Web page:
Old gym burns, but memories will endure
Hattiesburg’s old high school gymnasium, long since abandoned, burned down in the wee hours of Sunday morning, Feb. 7. Thankfully, the memories live on. And we will get to those.
The gym, completed in 1937, was home to the Hattiesburg High Tigers for nearly 50 years. The gym never really had a name. Some folks called it Hawkins Gymnasium, because Hawkins Junior High was across the street. Mostly, we just called it “the old high school gym,” no capital letters necessary. It was a Works Progress Administration (WPA) project, one of thousands across the U.S. And one of hundreds across Mississippi. Thank you, FDR.
It was both quirky and creaky, that old gym was. It always seemed to me that it might house ghosts. The court was 104 feet long, 12 feet longer than regulation courts. It had humps in the floor. It had dead spots, too, where the ball wouldn’t bounce the way it was supposed to.
“As home court advantages go, it was the best,” said Purvis Short, who led Hattiesburg High to the 1974 state championship, and would go on to score more than 14,000 points in the NBA. “I have literally hundreds of memories of that place, and all of them are good. That’s rare, isn’t it?”
The old gym is where Coach Johnny Hurtt taught Purvis Short how to shoot high-arching jump shots by guarding him in shooting drills with a broomstick. It is where Hurtt often employed a full-court press to run opponents into submission.
“We knew where all those dead spots were and we made sure the other team had to dribble on them,” Short said. “Can’t tell you how many times we stole the ball like that. Plus the court was so long. The visiting teams weren’t used to that. Man, they were huffing and puffing.”
Purvis followed two years behind his older brother, Eugene, who led the Tigers to the 1972 state championship. Both Purvis and Eugene would go on to play in some of the most famous arenas in the country: Boston Garden, Madison Square Garden and the Forum in L.A., among them.
“The Boston Garden really reminded me of our old high school gym,” Purvis Short said. “There were some dead spots in the floor, but mostly it was the baskets – best shooting baskets in the world. Our goals in Hattiesburg and the ones at the (Boston) Garden were the sweetest shooting goals. They were soft, forgiving.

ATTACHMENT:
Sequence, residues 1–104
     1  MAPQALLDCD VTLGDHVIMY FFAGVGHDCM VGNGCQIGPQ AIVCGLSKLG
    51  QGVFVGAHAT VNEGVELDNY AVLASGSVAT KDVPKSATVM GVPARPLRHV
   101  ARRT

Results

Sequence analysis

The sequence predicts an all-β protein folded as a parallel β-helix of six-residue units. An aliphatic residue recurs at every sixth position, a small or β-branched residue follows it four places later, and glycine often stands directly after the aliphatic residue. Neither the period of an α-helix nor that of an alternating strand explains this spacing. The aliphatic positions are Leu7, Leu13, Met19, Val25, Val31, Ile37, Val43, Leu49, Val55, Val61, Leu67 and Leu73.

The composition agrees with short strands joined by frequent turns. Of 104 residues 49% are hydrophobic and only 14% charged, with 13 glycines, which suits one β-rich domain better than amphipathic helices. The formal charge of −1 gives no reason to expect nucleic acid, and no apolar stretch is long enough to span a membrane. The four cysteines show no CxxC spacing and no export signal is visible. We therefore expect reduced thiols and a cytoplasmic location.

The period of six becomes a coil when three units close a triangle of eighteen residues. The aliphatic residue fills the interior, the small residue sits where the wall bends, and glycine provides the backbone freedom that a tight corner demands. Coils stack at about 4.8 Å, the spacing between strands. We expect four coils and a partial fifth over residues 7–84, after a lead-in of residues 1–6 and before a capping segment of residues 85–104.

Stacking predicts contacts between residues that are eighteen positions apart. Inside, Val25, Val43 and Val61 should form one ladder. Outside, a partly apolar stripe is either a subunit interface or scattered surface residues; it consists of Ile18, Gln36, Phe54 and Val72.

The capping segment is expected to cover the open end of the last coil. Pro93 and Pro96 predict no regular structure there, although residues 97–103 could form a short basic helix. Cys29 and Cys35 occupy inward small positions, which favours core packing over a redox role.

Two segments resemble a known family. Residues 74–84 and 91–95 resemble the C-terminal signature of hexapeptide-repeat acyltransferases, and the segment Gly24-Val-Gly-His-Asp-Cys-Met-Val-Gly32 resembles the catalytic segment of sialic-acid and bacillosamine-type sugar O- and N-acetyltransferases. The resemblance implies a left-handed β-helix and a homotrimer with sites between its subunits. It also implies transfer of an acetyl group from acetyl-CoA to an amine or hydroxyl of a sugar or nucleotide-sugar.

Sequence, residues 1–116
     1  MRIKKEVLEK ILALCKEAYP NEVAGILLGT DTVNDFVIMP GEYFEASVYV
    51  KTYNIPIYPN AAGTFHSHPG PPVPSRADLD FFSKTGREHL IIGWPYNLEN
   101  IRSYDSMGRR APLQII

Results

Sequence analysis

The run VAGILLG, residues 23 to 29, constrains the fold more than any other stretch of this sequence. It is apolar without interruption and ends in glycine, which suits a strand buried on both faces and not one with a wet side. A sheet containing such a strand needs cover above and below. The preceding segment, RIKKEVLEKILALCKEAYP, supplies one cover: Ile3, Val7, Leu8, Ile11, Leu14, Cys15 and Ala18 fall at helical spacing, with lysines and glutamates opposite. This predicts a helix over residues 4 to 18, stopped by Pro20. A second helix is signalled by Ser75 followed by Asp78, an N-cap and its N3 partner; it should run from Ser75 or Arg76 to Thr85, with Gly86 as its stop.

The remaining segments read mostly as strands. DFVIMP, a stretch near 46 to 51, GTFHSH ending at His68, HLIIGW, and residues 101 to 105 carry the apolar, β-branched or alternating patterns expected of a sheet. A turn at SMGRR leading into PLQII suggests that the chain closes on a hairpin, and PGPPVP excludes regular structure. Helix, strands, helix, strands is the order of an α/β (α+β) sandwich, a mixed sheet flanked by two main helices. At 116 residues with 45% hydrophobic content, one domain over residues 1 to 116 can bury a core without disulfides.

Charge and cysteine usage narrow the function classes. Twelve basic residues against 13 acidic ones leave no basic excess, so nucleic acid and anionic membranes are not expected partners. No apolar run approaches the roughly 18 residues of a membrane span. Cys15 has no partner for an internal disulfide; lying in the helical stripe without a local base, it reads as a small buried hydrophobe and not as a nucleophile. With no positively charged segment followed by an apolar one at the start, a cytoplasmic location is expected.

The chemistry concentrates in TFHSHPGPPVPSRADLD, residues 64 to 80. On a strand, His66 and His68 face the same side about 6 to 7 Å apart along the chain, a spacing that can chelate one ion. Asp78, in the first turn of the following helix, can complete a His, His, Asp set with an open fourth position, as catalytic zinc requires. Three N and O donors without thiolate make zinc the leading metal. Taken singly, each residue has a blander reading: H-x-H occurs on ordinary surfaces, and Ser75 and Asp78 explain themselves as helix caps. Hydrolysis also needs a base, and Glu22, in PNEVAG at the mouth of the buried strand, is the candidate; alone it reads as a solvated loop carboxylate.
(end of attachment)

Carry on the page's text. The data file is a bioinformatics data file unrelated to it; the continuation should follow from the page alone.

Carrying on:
Great backgrounds too.”
And both gone now.
The old Hattiesburg gym was the site of so many classic Gulfport-Hattiesburg games, back when Bert Jenkins coached Gulfport and Sam Hollingsworth and then Johnny Hurtt coached the Hattiesburg Tigers. For my money, Jenkins remains the greatest high school coach — maybe coach at any level — in Mississippi history. Hollingsworth and Hurtt should make anyone’s top 10. In 1970, my senior year in high school, Gulfport went 45-1, and, yes, the one came in our old gym where the great Buddy Davenport — and maybe the ghosts — led the Tigers past the Commodores 47-39.
My single greatest memory of that fine, old gym did not involve the Short brothers, Hattiesburg or Gulfport. No, this was in February of 1966, when I was a 13-year-old gym rat who had heard all the seemingly tall tales of a basketball phenom down in Hancock County named Wendell Ladner.
Ladner-led Hancock was to play West Lauderdale and the great Randy Hodges, a tall shooting guard, in the South State championship in our gym, which had a capacity of maybe 2,000.
That night it seemed all of south Mississippi — and most every college recruiter in the country — wanted to be in that gym. Every available inch of seating was taken. Fans stood at either end and in all the doorways. If you needed restroom relief, you were out of luck. Fire marshals had their hands full. Hundreds were turned away.
Most of Hancock County got in before the marshals locked the doors. They all wore red, and they all went absolutely berserk when Wondrous Wendell led his team onto the court. Ladner went straight for the bucket at the far end of the court and slammed the ball through with a windmill dunk that brought such thunderous applause that old gym seemed to shake. Ladner continued his dunk show throughout layup drills. After his last dunk, he stood, grinning, beneath the basket and hoisted his teammates, one by one, so they could dunk their last time through the layup line.
And then Ladner scored 39 points and pulled down 27 rebounds to lead Hancock past Hodges and West Lauderdale in one of the great one-man shows you can imagine. At one point, Ladner kept jumping up and down and bouncing the ball off the backboard, almost like playing volleyball with himself, before finally tipping the ball through the hoop. “Aw, Coach, I didn’t think you’d mind me having some fun,” he told his coach, Roland Ladner, when scolded at the next timeout
You should have been there. I am so glad I was. I hate the old gym that never had — nor needed — a name is gone. I am glad the memories remain.
Rick Cleveland is a sports columnist for Mississippi Today